BAMAKO (AFP) - Voters and officials braving torrential rain to take part in Mali's presidential election run-off on Sunday voiced concerns that the weather could badly affect turnout, in a vote seen as crucial to restoring stability in the conflict-scarred nation.
Residents in the capital Bamako woke up to gloomy skies and heavy downpours, and polling stations reported smaller numbers of voters than during the first round, when a turnout of nearly 50 per cent was seen as a key sign that the electoral process would be viewed as credible.
"At the moment, it's a disaster," said an election commission delegate at a voting centre in Bamako, telling AFP numbers were significantly down on the 300 people who had turned up by the same point in the July 28 vote.
"Today there are not even 20 and we really hope the rain will stop and people will come to vote," he said.
Polls opened at 8am, with former premier Ibrahim Boubacar Keita the favourite to win an election that will decide who leads Mali's recovery from a military coup last year, which led to an Islamist occupation of the north and a French military intervention.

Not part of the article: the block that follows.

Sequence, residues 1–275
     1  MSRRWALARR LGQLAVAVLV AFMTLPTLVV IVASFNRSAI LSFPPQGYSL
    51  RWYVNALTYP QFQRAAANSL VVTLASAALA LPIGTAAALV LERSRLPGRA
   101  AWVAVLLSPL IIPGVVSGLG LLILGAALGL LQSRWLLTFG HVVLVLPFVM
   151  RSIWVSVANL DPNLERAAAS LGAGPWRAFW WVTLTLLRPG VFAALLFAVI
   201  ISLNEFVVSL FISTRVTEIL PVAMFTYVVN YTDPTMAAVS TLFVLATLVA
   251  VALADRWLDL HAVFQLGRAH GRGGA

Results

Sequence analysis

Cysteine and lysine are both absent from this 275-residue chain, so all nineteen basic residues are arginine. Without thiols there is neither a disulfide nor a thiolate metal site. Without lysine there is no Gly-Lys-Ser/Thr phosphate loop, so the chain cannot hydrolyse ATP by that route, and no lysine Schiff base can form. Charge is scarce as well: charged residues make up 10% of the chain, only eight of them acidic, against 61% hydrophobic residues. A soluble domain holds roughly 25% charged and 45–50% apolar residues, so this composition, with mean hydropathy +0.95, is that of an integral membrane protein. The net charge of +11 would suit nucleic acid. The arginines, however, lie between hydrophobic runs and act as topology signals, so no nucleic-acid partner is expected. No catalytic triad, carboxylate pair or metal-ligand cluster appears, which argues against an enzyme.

Mr Keita finished almost 20 percentage points ahead of runner-up Soumaila Cisse, a former finance minister, in the first round, but failed to get an outright majority in a field of 27 candidates, propelling the two into Sunday's run-off.
"The rain is trying to ruin our day. I hope it stops, otherwise they will have to extend the voting hours," said Mr Oumar Toure, one of the few voters who had turned up at a polling station set up in a city centre school.
Student Mariam Kante told AFP a large crowd had assembled at the centre by 8am in the first round.
"The rain needs to let us fulfil our civic duty - the future of Mali is at stake," she said.
Mali is in the middle of a season known as "wintering", which brings heavy rainstorms to the south of the country, where the majority of the population of more than 14 million live. Many observers had urged election organisers to delay the vote for better weather.
In Kati, a garrison town 15km from Bamako, Mr Djibril Coulibaly, the chief official in a large high school, told AFP no one had yet turned up to vote.
"Let's pray to God that the rain stops," he told AFP.
The road between Bamako and Kati was deluged in several sections, preventing the passage of vehicles, especially the numerous motorcycles heading to polling stations that were forced to turn back.
But the rain did not seem to have deterred horse-racing punters who had gathered in large numbers outside a betting shop in Bamako.
"We don't really give a damn about the election. What we care about is feeding our families," said one of them.